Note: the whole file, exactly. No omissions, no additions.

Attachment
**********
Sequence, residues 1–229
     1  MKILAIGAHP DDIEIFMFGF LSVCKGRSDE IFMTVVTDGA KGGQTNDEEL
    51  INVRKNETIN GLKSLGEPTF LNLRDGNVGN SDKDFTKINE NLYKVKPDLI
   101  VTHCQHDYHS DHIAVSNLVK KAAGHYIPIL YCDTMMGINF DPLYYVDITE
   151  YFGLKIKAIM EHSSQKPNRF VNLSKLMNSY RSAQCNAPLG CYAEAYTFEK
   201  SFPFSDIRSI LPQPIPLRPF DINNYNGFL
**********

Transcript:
Sequence, residues 1–229
     1  MKILAIGAHP DDIEIFMFGF LSVCKGRSDE IFMTVVTDGA KGGQTNDEEL
    51  INVRKNETIN GLKSLGEPTF LNLRDGNVGN SDKDFTKINE NLYKVKPDLI
   101  VTHCQHDYHS DHIAVSNLVK KAAGHYIPIL YCDTMMGINF DPLYYVDITE
   151  YFGLKIKAIM EHSSQKPNRF VNLSKLMNSY RSAQCNAPLG CYAEAYTFEK
   201  SFPFSDIRSI LPQPIPLRPF DINNYNGFL